Just the thought of summer makes me smile. There are fairs to attend, pie baking contests to judge, 4-H exhibits to see, and best of all.....there are picnics!
I have always loved to cook. Living with rheumatoid arthritis (RA) has given me the opportunity to find easier ways to cook the food we love. Since standing in front of a stove for an hour frying chicken is out of the question, I have adapted my recipe. I also cook outside a lot as the weather allows.
My favorite picnic partner is my husband. I am in charge of the food, and my husband takes care of the transportation and the eating utensils. Our picnic main course usually consists of grilled sweet Italian sausage brats with roasted red peppers on ciabatta bread, or fried chicken. I cook the brats out on my trusty Weber grill and roast the red peppers at the same time. We grab some fresh fruit from the refrigerator, and we are good to go. Water or iced tea are ...
The Home Remedy: Drinking tart cherry juice or eating tart cherries helps reduce arthritis pain and inflammation.
The tart or sour cherry is also known as the pie cherry, Montmorency cherry or Balaton cherry. These are different from the sweet cherries commonly sold at grocery stores like Bing, Ranier and Lambert cherries. According to research studies, eating tart cherries may also be beneficial for people with gout, diabetes, muscle pain, back pain or neurodegenerative diseases.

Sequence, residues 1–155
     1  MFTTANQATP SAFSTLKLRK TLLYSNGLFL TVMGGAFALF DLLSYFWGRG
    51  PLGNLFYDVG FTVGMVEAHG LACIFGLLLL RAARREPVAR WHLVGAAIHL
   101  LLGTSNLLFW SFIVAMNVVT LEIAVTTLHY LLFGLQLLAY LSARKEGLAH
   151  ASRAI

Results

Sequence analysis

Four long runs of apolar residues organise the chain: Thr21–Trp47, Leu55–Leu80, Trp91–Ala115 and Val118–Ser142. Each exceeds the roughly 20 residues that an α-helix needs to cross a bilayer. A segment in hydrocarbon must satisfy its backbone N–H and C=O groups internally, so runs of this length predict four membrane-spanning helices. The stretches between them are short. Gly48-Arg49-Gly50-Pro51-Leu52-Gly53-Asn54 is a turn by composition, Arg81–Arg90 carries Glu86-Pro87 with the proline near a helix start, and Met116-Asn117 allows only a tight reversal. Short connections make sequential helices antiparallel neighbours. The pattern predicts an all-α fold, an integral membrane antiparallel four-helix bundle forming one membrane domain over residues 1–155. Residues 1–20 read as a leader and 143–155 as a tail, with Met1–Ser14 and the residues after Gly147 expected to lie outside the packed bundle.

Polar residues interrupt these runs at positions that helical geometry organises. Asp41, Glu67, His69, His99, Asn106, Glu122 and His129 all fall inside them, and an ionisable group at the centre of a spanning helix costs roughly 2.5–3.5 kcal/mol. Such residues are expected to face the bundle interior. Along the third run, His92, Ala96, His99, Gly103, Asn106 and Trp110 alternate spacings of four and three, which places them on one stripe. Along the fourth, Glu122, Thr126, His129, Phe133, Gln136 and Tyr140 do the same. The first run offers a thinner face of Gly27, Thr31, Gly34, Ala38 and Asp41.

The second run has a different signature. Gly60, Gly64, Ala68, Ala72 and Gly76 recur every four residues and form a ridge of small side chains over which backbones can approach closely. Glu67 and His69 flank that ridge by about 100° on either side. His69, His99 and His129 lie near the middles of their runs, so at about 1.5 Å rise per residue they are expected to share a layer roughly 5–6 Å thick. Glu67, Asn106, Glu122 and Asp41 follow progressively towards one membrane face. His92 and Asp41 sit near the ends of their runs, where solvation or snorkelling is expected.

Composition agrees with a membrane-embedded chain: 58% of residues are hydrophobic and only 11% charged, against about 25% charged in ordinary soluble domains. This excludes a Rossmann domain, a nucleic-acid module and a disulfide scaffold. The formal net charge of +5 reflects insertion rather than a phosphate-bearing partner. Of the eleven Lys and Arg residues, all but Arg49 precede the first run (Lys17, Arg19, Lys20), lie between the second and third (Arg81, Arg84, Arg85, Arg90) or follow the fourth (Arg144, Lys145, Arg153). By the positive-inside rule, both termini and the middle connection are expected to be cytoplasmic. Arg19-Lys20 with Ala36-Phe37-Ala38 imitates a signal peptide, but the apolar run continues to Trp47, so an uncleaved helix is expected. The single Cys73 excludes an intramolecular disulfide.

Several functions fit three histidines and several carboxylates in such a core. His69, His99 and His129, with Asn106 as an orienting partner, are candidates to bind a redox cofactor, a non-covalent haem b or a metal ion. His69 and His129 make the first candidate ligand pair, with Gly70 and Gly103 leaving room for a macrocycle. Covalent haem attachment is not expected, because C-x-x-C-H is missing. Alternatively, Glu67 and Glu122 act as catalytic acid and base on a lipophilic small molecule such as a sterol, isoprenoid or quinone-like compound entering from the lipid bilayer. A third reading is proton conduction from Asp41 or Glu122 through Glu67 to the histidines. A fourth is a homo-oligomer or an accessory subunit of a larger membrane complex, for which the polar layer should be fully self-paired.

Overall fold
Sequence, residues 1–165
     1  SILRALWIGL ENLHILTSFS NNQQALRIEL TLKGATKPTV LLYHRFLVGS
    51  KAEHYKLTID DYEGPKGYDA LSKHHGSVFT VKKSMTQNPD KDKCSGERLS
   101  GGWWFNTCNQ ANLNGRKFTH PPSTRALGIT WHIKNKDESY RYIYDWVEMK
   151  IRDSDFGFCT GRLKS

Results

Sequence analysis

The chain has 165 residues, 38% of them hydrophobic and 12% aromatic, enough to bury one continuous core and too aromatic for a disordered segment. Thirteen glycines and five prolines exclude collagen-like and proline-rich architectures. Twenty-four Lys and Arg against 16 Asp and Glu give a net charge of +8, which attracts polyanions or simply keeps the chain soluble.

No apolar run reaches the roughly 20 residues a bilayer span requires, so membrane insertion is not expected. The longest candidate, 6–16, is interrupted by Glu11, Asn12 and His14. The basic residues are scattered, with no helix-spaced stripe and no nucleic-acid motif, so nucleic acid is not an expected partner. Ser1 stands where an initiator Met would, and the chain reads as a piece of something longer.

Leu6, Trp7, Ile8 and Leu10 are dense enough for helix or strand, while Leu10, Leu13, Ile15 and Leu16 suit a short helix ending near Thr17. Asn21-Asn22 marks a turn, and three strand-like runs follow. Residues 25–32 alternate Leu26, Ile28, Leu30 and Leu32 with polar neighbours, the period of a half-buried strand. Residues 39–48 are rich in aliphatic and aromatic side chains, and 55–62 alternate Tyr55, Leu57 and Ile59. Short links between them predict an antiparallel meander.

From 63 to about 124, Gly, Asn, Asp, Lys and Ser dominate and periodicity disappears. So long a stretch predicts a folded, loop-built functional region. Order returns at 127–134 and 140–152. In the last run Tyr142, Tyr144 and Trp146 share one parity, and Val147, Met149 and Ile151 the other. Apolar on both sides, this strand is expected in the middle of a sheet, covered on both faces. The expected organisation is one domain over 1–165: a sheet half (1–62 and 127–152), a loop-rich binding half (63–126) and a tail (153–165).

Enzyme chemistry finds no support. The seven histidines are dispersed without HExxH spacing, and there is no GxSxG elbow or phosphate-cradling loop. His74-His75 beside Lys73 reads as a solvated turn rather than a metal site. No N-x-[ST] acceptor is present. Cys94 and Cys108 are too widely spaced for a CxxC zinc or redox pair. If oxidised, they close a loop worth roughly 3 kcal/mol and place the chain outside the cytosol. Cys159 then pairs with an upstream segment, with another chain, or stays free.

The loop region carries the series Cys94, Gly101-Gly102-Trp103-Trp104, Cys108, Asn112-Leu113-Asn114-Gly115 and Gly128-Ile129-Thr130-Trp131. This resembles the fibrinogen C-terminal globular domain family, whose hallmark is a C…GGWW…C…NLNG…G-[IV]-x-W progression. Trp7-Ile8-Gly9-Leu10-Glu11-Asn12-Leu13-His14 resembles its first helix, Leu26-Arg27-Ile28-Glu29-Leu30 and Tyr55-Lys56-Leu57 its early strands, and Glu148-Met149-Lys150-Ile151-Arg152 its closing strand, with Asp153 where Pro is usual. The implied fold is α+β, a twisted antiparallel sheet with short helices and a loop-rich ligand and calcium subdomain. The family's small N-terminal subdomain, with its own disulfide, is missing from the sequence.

Why does it provide some relief for people?
Unlike for gin-soaked raisins , there has been a growing body of research in the last decade or so about the positive health benefits of eating tart cherries. The first study, published about 50 years ago, found that eating cherries daily helped to relieve attacks of gout and the symptoms of arthritis. Since then, in mostly laboratory studies on animals, cherries have been shown to contain high concentrations of compounds called anthocyanins 1 and 2 - ...
We all know how difficult it is to get through those days when we are feeling the pain and exhaustion of a flare. The chronic pain and persistent flu-like symptoms do not only affect us. They affect everyone around us, especially those we love, and those who love us.
I am not a marriage or family counselor. I do not have any degrees or certificates in this area. I am a woman with RA who has been married to the same man for 34 years. We have had our ups and downs, but we have always loved each other, and we have found ways to navigate this crazy life with RA.
Let's face it. It is tough to be in pain all the time. It is also tough to watch those we love live in pain. RA patients need to acknowledge the pain their loved ones are experiencing. That would be the pain of watching someone you love have really bad days, and feeling powerless to ease their suffering.
My husband is not a doctor. He cannot help me in that way. He can read about RA and increase his understan...
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